The Jim Beam Stakes that will be run Saturday at Turfway Park in Kentucky is not going to be a horse race of great magnitude, but it will yield vital information that could point out the future winner of the Kentucky Derby.
In most years, the Derby itself offers the first important confrontation between the best 3-year-olds on the East and West coasts. With no lines of comparisons between the two groups of horses, handicappers can only guess which is superior. They guessed wrong in last year’s Derby, when the favored Californian Mister Frisky was trounced by the East’s Unbridled. They guessed wrong in 1989, when the West’s Sunday Silence beat odds-on favorite Easy Goer.
This year, however, a preliminary East vs. West duel will take place in the Jim Beam, and it ought to be enlightening.
The key horse in the Jim Beam is Apollo, a speedster who recently lost a photo finish in the San Rafael Stakes, the most important 3-year-old race in California so far this year. He will take on three colts who have been chasing Fly So Free, the champion of their generation, in Florida this winter: Richman, Hansel and Subordinated Debt. If Apollo were to be trounced by horses who can’t beat Fly So Free, it would indicate the whole West Coast crop can be written off.
Many Easterners already think that is the case, since no single horse emerged as a star in the West while Fly So Free was dominating his rivals at Gulfstream Park. But California handicappers say the reason they don’t have a standout 3-year-old is that they have so many good ones who are evenly matched. I think they are right. The San Rafael Stakes, in which Apollo ran, may have been the strongest race of the year for Derby-age horses.
The time of the one-mile San Rafael, 1:35 4-5 over a dull Santa Anita racing strip, was dazzlingly fast. My speed figures suggested it was at least five lengths better than any race run by 3-year-olds in the East.
The top three finishers in the five-horse field -- Dinard, Apollo and Best Pal -- finished eight lengths ahead of Mane Minister and Excavate. Yet after that trouncing, Mane Minister came back to win a minor stakes at Santa Anita by five lengths. And Excavate proceeded to beat a strong allowance field by 3 1/2 lengths.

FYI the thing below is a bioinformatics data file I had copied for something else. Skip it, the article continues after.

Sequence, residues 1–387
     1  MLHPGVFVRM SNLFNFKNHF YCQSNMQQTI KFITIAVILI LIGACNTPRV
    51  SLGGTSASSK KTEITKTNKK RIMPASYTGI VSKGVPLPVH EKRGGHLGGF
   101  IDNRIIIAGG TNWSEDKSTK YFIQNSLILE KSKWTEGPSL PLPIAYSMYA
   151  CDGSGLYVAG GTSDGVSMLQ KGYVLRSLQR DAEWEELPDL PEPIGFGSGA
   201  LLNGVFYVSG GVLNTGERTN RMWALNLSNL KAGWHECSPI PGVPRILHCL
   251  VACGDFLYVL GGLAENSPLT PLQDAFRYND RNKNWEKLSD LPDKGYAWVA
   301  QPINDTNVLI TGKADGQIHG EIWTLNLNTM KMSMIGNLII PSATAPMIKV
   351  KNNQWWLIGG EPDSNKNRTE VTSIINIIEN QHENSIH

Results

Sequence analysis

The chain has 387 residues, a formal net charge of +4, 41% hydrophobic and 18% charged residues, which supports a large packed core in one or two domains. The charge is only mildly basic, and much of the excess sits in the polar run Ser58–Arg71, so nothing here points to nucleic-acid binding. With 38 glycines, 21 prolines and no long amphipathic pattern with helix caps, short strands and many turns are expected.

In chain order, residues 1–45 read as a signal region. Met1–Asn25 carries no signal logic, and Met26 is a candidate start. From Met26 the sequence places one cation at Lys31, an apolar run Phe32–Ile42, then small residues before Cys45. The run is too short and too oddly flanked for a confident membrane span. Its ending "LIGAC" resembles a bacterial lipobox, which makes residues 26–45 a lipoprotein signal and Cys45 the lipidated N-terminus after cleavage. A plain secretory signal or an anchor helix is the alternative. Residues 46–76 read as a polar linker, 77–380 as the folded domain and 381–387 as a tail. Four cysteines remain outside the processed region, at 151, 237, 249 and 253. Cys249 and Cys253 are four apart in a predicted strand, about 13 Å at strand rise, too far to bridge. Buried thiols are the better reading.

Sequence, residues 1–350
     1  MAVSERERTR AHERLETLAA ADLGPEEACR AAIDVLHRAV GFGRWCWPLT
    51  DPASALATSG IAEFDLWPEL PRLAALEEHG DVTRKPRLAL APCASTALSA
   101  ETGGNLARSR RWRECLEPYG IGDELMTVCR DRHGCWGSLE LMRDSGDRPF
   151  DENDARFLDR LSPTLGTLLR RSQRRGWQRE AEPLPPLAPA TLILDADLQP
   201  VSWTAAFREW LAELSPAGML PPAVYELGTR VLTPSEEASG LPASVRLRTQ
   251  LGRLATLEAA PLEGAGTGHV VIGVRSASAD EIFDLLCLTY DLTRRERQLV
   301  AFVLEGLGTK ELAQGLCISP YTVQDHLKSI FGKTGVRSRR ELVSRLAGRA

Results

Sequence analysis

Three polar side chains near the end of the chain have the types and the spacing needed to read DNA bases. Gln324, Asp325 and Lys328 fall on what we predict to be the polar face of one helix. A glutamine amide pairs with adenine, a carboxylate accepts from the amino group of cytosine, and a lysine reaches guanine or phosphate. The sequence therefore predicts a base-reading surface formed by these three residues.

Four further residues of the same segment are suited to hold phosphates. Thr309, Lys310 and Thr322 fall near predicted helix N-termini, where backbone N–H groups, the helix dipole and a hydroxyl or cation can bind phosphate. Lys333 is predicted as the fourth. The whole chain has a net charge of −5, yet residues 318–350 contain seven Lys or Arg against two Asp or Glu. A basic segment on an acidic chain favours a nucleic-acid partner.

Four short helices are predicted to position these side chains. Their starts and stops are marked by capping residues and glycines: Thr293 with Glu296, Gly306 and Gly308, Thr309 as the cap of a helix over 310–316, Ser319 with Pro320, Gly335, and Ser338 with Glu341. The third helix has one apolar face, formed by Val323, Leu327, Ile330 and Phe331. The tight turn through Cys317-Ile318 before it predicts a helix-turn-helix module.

Apollo can further verify the strength of the California group Saturday afternoon. In some respects, the conditions of the Jim Beam are against him. The 1 1/8-mile distance of the Beam is farther than he wants to run. And his outside post position, No. 11, on the tight little Turfway track, is a horrible disadvantage.
Nevertheless, I will be wagering that Apollo wins the Jim Beam, and I suspect he will annihilate his 10 rivals. If that happens, it will be a clear sign that handicappers should look westward, to either Dinard or Best Pal, for the star 3-year-old of 1991.
If the merits of a horse like Apollo, who is one member of a strong, competitive group, are easy to overlook, racing fans are often too easily impressed by horses who beat weak fields by big margins. And thus has Wide Country become the standout 3-year-old filly in Maryland and the odds-on favorite to win Saturday afternoon’s Pimlico Oaks.
Wide Country has been trouncing her contemporaries in Maryland this winter, winning her last five races by a combined total of 23 lengths. But in these races she has been as lucky as she has been good. She always finds herself in a small, uncompetitive field. She almost ways gets to the lead in a slow pace, with minimal pressure.
When Wide Country won her last start, the Genuine Risk Stakes at Laurel, she was in front after travelling the first half-mile in 48 2-3 seconds. Cheap maiden claimers running the same day covered their first half-mile in 48. It would have been hard for any decent horse to lose under such optimal conditions.
The $200,000 Pimlico Oaks figured to attract top out-of-town horses who could beat Wide Country, and I was salivating at the prospect of betting against her. But none of the big names among the nominees chose to come to Pimlico.
Moreover, Wide Country drew the No. 1 post position in a field in which only one of her rivals, the undefeated local sprinter Silver Tango, could possibly put any early pressure on her. If the two of them engage in a duel, the stretch-running Ritchie Trail could end the favorite’s winning streak. But Wide Country’s luck is likely to hold for one more day.